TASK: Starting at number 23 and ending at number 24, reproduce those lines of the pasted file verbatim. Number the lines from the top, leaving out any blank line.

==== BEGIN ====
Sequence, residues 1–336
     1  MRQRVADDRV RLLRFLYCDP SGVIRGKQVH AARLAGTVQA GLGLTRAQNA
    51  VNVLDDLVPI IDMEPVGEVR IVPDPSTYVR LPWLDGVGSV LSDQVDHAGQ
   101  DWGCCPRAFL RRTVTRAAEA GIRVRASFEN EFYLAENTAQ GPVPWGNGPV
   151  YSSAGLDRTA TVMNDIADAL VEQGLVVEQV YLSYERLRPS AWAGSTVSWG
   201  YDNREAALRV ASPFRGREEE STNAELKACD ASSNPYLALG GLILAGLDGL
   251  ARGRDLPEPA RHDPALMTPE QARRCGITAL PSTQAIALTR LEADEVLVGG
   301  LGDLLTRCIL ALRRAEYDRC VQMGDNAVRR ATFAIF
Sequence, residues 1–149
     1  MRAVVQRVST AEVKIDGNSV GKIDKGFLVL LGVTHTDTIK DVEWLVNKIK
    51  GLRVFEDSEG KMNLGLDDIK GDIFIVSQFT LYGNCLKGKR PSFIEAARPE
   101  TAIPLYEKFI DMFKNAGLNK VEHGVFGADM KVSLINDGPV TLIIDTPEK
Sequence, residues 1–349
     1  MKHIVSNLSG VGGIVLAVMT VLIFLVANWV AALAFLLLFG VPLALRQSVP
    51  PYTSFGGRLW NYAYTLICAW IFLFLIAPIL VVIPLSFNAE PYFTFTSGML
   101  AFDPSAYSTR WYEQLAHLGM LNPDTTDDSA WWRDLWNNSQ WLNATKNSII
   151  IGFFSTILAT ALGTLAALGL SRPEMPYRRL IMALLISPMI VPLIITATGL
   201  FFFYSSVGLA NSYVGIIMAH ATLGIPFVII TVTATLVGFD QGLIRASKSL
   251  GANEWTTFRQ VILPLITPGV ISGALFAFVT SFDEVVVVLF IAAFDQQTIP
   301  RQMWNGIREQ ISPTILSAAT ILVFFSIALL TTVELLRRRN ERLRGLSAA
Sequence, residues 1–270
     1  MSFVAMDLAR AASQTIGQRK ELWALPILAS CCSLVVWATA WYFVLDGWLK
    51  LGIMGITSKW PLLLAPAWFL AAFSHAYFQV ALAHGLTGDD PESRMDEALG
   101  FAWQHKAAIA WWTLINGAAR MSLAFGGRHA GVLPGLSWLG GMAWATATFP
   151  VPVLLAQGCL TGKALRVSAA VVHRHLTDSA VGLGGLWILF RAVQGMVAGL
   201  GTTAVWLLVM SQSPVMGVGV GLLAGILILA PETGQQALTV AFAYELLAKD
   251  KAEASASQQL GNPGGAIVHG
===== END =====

    51  LGIMGITSKW PLLLAPAWFL AAFSHAYFQV ALAHGLTGDD PESRMDEALG
   101  FAWQHKAAIA WWTLINGAAR MSLAFGGRHA GVLPGLSWLG GMAWATATFP